The Race Track Chaplaincy of America (RTCA) is currently seeking nominees for our 17th Annual White Horse Awards (WHA). These awards are presented annually at the White Horse Awards program. This year’s program will take place on Thursday, October 31st, at Santa Anita Racetrack in Arcadia, California, just prior to the beginning of the Breeders’ Cup World Championships being held at the same track. It is a way to recognize those unsung heroes of horse racing, whether their actions are headline-grabbing or the quiet and not-so-obvious kind of heroism.

Nominees are being sought for the following awards:

•    White Horse Award—An award given to individuals who have done something heroic on behalf of human or horse.
•    Community Service Award—An award given to an individual who has made significant contributions to the welfare of racetrack chaplaincy ministries.

To submit a nomination for either the White Horse or Community Service Awards, visit https://www.rtcanational.org/events for a complete list of rules and selection criteria, as well as nomination forms. The deadline for submission is September 27th, 2019. For more information, please contact the RTCA National Service Center at (859) 410-7822.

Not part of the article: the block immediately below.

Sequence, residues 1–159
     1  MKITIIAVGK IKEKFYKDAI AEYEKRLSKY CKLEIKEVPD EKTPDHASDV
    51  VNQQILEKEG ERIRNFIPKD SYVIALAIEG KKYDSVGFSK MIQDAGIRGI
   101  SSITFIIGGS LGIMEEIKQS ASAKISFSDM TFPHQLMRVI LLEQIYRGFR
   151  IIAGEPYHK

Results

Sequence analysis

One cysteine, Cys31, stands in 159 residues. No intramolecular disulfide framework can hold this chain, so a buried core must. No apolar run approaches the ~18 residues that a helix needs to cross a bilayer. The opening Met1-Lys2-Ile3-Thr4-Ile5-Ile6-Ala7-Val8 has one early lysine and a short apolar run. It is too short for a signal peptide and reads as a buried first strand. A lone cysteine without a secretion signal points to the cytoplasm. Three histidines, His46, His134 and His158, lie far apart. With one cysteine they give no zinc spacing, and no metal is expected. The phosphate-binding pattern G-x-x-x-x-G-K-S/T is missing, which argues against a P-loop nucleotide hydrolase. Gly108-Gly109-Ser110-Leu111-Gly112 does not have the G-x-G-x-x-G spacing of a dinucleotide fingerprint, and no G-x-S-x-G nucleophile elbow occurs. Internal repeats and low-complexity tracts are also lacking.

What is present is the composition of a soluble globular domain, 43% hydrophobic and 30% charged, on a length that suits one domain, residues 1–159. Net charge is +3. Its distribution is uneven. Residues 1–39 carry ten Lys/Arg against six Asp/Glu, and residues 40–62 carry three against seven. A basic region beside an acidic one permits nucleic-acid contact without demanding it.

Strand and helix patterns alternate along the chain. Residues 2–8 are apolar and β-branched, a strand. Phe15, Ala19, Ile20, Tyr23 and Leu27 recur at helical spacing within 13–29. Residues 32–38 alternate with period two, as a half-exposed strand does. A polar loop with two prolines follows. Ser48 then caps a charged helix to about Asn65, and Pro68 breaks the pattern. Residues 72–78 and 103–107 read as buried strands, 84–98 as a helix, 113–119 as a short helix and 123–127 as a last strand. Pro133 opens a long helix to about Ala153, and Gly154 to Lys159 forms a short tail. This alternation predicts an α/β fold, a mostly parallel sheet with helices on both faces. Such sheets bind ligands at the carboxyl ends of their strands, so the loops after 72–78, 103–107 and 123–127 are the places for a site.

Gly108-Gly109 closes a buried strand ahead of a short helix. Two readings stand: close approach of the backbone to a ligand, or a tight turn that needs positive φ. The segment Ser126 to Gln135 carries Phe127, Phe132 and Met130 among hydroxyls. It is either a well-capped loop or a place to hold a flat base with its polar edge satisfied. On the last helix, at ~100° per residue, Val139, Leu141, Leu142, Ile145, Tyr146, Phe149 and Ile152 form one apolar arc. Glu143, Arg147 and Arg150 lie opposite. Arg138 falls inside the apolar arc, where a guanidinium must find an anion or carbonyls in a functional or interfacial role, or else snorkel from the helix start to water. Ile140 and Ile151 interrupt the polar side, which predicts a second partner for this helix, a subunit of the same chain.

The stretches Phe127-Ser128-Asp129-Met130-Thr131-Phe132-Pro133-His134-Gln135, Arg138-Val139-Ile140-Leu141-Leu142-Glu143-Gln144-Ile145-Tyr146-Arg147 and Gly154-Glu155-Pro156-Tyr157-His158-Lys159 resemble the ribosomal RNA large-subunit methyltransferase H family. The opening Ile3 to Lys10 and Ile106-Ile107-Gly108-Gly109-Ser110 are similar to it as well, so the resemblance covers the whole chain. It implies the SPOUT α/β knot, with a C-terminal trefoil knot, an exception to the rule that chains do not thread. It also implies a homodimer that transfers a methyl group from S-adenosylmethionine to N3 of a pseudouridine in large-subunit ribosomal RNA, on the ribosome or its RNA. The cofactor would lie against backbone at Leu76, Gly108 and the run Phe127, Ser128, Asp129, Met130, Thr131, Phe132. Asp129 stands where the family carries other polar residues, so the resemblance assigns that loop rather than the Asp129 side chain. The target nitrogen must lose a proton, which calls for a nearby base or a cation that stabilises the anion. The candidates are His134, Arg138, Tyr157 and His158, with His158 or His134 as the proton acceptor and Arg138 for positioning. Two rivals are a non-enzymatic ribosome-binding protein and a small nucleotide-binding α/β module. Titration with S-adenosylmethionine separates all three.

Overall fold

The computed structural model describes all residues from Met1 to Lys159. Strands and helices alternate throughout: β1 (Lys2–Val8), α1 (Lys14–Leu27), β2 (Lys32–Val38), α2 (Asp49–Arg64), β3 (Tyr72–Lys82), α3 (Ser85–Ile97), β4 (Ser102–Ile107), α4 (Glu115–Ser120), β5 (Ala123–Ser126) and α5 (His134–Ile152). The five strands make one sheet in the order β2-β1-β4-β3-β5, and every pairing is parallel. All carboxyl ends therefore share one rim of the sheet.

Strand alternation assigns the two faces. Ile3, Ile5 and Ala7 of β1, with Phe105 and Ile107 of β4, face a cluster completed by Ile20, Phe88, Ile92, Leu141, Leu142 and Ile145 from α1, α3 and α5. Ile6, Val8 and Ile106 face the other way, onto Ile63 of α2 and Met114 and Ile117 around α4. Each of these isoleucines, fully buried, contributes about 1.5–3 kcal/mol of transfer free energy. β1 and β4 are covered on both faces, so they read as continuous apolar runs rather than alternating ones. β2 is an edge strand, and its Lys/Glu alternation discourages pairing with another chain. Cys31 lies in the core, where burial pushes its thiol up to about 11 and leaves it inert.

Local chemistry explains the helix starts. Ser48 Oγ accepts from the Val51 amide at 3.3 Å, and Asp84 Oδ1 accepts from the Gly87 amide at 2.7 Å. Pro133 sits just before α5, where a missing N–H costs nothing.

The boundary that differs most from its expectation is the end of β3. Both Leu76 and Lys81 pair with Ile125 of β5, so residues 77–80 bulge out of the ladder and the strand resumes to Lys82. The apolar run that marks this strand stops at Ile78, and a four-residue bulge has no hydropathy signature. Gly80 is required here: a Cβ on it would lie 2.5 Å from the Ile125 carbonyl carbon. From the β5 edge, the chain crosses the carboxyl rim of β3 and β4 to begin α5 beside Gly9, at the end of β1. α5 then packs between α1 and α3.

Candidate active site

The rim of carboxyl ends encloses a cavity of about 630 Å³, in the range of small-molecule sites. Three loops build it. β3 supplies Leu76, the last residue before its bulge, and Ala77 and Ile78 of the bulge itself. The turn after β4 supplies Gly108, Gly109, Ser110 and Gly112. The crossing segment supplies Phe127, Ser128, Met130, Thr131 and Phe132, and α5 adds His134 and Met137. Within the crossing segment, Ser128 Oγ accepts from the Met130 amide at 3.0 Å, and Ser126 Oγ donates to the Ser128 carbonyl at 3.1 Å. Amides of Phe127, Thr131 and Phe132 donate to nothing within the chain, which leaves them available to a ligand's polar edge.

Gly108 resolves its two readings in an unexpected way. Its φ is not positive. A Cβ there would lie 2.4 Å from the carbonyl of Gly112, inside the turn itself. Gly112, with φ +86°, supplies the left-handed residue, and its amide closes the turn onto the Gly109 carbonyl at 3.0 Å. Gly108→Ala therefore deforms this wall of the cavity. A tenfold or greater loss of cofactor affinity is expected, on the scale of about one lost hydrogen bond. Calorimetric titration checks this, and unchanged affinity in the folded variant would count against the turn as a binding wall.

——–

More about the White Horse Award—The WHA was established in 2003 to recognize individuals within the horse racing industry for their acts of selflessness and bravery. The most recent recipient was The San Luis Rey Heroes for risking their lives to save many horses from an imminent death by the fire.

More about the Race Track Chaplaincy of America—The overall mission of the Race Track Chaplaincy of America (RTCA), through its Councils and Chaplains, is to minister to the spiritual, emotional, physical, social, and educational needs of those persons involved in all aspects of the horse-racing industry.

Please follow and like us:
error

Tips To Recognizing Legitimate Horse Rescues

by

 

In June, 159 horses were seized from Scarlet’s Legacy Equine Rescue in Camp County, Texas. A 501(c)(3), the organization, based on 45 acres, was managed by Deanna Tierney. Local media covered the seizure extensively, and Horse Nation reported on how horse lovers can help horses in need, like those who were taken from Scarlet’s Legacy, and how to prevent similar future situations. Currently, the horses in Safe Haven’s care need feed, hay and hay bags; their Amazon Smile wishlist includes other items the organization needs.

To prevent future cases like this one, Horse Nation reports that Jessica Johnson, Humane Society of the United States (HSUS) Animal Crimes Director, encourages people who are considering working with or adopting from a rescue visit the organization in person if the entity is local.

Read more

Please follow and like us:
error
Back to top
%d bloggers like this: